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City of London Gazetteer

Aldgate Underground Railway Station

Aldgate Railway Station which serves the Circle Line and Metropolitan Line opened on 18 November 1876 and is said to have been built on a Plague Pit where hundreds of victims of the Bubonic Plague of 1665 were buried. Daniel Dafoe mentions this ‘terrible pit’ in the churchyard of the Parish of Aldgate in his ‘A Journal of the Plague Year’ published 1722*. Read More »

Alice Hackney and St.Mary-at-Hill

St Mary at Hill

St Mary-at-Hill is a Grade I listed building on Lovat Lane. The founding of the church dates from 12th century though it has been rebuilt and renovated many times since then. It was during one period of renovation that it became linked with Alice Hackney who’s body was found preserved after being buried for nearly two hundred years. Alice also reputedly haunts the church still. Read More »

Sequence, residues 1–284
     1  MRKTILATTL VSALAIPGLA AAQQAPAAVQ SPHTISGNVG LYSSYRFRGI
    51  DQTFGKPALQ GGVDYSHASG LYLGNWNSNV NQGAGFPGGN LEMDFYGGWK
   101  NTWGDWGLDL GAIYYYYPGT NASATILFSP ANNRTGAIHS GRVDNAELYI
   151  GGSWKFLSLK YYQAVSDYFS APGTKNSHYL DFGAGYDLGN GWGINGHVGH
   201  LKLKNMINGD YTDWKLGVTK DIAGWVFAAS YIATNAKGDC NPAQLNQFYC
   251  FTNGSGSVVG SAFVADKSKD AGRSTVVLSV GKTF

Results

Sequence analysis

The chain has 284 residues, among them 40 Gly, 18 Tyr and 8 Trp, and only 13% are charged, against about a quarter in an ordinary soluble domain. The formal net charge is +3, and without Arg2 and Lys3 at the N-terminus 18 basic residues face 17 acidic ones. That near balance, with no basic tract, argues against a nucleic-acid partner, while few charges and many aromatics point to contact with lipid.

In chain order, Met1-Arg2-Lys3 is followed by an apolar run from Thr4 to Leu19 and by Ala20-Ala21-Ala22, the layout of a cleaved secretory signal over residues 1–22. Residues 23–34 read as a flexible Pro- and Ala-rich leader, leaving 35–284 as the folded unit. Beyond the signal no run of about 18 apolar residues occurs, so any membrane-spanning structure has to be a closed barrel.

The Bank of England and The Black Nun

Sarah Whitehead

The Bank of England on Threadneedle Street is sometimes referred to as ‘The Old Lady of Threadneedle Street’ and is reputedly haunted by the apparition of Sarah Whitehead, also known as ‘The Black Nun’. Read More »

Bank Underground Railway Station

Bank Station

The Bank-Monument Station complex is comprised of the two interlinked underground stations of Bank and Monument. The complex is the eighth busiest station on the London Underground network and it serves the Waterloo & City Line, Central Line, Northern Line, Circle Line, District Line and the Docklands Light Railway. Read More »

Branwen The Daughter Of Llyr

Branwen The Daughter Of Llyr is part of The Mabinogion. The following is taken from Lady Charlotte Guest's translation which was published in 1877. Read More »

Christ Church, Greyfriars

Christchurch

There is a tradition that during the Victorian times a Night Watchman came across the ghosts of two beautiful ladies in the ancient burial ground of Greyfriars. The two ladies had haunted the site oblivious of each other for centuries, but, once they noticed each other and saw that they were of equal beauty, they got angry and started to fight. Read More »